Gaining market share

Can the MEP sector keep pace with the scale of construction in the Middle East market? With news of staff poaching and selective tendering the answer may appear to be ‘no’ but today’s volume of tenders it also providing golden opportunities for contractors. Alison Luke reports.

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By  Alison Luke Published  December 16, 2006

|~|7p24main.gif|~|The reduced availability of skilled operatives means firms must provide additional training after recruitment. |~|The Middle East has produced the most unique construction market in the world. Where else would you see enormous islands being formed in the ocean, buildings set to top 180m tall and a science park disguised as a series of flying saucers?

But as the world stands back and stares in awe at the developments, news of yet more projects reaching planning stage is bringing mixed reactions from those on the ground.

The speed at which developments are being started, ambitious completion dates and the fact that so many major schemes are being carried out concurrently is putting a huge strain on resources, with the MEP sector no exception.

“Because everybody is stretched to the maximum, getting qualified resources is now the biggest problem,” states Ziad Taleb, MEP manager with Consolidated Contactors Co (CCC).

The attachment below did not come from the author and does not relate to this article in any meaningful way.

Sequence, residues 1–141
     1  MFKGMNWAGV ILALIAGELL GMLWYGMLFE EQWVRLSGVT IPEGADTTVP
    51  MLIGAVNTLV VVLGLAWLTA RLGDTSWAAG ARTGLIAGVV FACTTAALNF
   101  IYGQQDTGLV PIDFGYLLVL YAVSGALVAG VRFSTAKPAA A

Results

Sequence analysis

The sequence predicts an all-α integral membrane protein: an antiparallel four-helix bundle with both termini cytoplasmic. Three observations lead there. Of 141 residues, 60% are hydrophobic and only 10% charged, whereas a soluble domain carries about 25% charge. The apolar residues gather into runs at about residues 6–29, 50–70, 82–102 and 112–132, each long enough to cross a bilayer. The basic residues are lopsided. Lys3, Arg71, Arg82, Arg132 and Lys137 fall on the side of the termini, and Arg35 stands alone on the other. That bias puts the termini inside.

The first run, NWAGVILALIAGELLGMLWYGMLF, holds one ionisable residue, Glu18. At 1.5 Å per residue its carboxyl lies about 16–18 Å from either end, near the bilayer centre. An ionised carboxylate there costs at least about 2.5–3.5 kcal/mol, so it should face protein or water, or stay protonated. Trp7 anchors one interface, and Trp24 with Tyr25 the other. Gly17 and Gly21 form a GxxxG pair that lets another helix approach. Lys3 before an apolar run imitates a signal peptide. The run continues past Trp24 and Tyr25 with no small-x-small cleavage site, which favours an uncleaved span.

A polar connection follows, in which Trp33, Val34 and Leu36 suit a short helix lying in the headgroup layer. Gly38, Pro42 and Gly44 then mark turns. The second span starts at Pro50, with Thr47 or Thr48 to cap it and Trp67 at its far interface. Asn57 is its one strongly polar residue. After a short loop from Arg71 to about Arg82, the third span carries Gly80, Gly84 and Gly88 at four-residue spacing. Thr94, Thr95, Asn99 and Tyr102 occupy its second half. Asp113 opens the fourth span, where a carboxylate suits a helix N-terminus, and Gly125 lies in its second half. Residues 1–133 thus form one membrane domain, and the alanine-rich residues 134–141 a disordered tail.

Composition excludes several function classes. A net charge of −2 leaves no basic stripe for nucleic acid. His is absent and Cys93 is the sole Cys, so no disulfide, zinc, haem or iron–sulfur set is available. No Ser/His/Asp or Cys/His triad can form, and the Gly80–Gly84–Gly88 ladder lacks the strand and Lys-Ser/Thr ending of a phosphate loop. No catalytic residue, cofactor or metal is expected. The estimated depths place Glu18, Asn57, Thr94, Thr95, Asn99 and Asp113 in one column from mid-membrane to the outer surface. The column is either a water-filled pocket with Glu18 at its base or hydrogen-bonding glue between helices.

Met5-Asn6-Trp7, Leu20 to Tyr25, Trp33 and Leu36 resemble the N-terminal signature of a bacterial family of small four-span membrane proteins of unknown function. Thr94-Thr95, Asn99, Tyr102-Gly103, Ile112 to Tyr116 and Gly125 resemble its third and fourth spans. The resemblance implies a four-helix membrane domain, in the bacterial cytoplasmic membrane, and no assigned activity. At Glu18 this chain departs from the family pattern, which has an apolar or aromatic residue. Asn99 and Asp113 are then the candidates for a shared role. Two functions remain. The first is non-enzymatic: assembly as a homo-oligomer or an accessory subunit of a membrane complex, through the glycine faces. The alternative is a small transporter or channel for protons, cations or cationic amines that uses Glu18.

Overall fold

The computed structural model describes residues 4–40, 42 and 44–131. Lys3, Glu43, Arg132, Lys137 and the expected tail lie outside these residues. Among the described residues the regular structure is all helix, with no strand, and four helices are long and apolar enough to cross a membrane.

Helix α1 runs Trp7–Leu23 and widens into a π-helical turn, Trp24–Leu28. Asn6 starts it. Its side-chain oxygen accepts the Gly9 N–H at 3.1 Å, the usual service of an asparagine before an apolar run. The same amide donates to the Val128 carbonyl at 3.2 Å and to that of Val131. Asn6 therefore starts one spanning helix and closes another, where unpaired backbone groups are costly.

“There is a big shortage of good contractors who can do big works and who can take up these mega projects,” adds Prakash Khatri, director of Trans Gulf Electro-Mechanical.

The opening day of the recent Big 5 exhibition also saw the release of the latest research from the Middle East’s online recruitment firm GulfTalent.com, which brought mixed news for contractors.

The research reports “acute shortages” of staff, with problems in the supply of engineering and managerial level staff as well as site operatives. But on a positive note, a changing balance of power in favour of contractors was also noted.

The economic growth of other areas of the world has exacerbated the problem of finding suitable staff. Countries that traditionally were recruitment grounds for operatives, such as India, are now undergoing their own development and wages being offered to qualified workers are similar to those in the Gulf.

There is also a movement of Western employees to new opportunities in China, reports GulfTalent.

“One of the problems I see now with our subcontractors is they are getting resources from India and Pakistan, but they are not qualified; the qualified guys are all taken. And this is creating a big, big problem. It’s hurting progress,” states Taleb.

“There is no skilled labour left in India and anyone qualified will stay there. Why come away from home when the market there is booming and you get paid just as much to stay in your own country?” reasons Thermo director Alan Sporle.

The difficulty in finding staff is creating a culture of poaching in the market. “Now everybody is stealing from everybody; people are getting paid crazy [salaries] and getting offers left, right and centre from different firms trying to steal them,” reports Taleb.